Thanks to my employer, I was sent to San Francisco for a conference. Naturally, I couldn’t squander a free flight, so I extended my stay out and spent an entire week in the Bay Area. I traveled around the city, checked out the the scene in Silicon Valley, and rented a Tesla S¬†for a day. Beyond measure I enjoyed my scant time in the area, and I especially enjoyed my time driving the car I hope to someday have in my life. My trip wasn’t without curiosity or introspection, and one thing I noticed more prominently in San Francisco than I have anywhere else I have traveled was the volume of homeless in San Fran.

I think it that any sentence that mentions San Francisco also mentions the homeless problem that plagues the streets of the worlds startup capital. However, even this nonchalant phrase says something about how we view the homeless. We easily disregard them, and forget about them being more than a nuisance- they are a plague that shake their cups at us employable people, pleading for coins that we don’t give.

But they are people, regardless of their fall from civilized society. The causes for homelessness vary, but the assumption that there is some underlying psychological disorder is outdated, and unfortunate. Homeless people are then people indiscernible from you are I, capable of functioning in a society provided the society is accepting and offers the ability for improvement. Some would say that acceptance is a hard thing to achieve. Our culture can be very shallow, and we are often quick to judge others based on their personal appearance and hygiene. I found this to be extremely obvious after I watched this short video– an unkempt alcoholic turns into an investment banker in a few time lapsed minutes.

So then, the homeless problem is a human problem and there should be no differentiation between us and them. There is little separating myself from the mass of people on the street, save for a job. I may be ignoring some glaring problems with this assumption, but from my pitiful research and personal experience this idea remains stable. As a functioning human in our society, I sympathize with these people, and I feel compelled to offer assistance.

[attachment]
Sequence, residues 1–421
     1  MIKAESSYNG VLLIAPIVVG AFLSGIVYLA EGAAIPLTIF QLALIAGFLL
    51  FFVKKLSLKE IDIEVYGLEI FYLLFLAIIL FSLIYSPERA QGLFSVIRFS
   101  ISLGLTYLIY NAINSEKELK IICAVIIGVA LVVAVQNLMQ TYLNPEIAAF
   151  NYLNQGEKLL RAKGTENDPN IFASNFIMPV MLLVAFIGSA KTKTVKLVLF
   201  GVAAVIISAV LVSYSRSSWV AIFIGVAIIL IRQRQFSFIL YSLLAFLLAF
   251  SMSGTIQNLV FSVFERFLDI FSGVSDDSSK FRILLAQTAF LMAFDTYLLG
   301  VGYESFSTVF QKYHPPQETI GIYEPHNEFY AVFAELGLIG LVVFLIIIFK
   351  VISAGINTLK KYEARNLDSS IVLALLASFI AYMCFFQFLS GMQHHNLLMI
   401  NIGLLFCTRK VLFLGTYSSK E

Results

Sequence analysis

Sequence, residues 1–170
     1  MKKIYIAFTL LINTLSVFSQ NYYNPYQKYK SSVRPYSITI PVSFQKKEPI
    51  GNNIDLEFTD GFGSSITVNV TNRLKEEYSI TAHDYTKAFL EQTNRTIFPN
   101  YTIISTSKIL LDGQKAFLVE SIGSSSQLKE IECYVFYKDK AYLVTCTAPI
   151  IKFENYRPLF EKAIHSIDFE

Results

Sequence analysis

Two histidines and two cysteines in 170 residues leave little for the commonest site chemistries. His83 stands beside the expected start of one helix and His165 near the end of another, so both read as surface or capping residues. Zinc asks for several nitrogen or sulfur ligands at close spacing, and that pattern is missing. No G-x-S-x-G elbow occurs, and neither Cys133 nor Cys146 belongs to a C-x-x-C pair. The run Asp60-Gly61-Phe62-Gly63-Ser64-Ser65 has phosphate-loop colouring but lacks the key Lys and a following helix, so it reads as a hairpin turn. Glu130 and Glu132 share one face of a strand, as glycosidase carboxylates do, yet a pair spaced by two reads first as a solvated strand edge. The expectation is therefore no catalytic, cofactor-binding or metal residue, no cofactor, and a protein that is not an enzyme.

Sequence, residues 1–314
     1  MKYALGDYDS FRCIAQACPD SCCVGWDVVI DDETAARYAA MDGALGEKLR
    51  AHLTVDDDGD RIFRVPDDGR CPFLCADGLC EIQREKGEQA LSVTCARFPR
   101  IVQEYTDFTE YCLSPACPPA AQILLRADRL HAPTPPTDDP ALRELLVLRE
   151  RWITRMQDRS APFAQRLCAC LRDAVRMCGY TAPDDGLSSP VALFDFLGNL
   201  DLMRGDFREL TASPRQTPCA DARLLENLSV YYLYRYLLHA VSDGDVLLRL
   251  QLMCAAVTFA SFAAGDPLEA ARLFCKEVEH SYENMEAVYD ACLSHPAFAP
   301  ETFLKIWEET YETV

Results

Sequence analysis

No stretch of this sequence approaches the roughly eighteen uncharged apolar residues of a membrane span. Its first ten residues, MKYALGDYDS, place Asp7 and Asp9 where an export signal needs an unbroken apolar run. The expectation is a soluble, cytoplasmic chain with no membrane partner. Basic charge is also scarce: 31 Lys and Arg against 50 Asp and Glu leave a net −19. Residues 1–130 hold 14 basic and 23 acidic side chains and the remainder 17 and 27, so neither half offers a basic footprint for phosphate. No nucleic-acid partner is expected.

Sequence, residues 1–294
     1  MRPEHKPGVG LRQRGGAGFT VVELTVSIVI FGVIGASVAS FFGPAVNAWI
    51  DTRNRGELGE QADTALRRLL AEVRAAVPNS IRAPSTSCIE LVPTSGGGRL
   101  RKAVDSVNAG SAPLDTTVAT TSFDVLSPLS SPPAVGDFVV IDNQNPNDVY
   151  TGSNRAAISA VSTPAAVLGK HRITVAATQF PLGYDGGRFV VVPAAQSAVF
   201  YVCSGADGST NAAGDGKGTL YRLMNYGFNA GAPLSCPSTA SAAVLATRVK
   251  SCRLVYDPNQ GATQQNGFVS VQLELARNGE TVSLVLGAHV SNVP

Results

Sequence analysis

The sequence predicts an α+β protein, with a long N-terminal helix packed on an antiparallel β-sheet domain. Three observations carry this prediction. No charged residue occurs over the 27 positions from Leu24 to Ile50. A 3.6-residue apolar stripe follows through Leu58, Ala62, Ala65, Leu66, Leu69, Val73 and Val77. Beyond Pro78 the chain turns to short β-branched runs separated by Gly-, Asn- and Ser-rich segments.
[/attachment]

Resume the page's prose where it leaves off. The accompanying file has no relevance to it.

However I am not an idealist. I know what money I may hand a homeless person will not go to better their lives- by the time many homeless find themselves truly destitute and broken a bottle or a needle seem like greater salvation than employment and contribution. This is a condition of being homeless, not of becoming homeless. I also am not a wealthy person, capable of influencing great change with what spare coin I do offer.

What I am is an idealistic coder, capable of typing a pseudo-foreign language that can be used to do something. I am attempting to make something in my free time that may help someone, hopefully. If you read this, you are capable of opening a web browser and reading, both of which lead me to believe you are capable of thought. I challenge you to do something as well, anything that may benefit society in ways that don’t just benefit yourself.

Change something wrong, not tweak something that you can then make money off of (so many startup ideas revolve around this shallow and unimportant concept).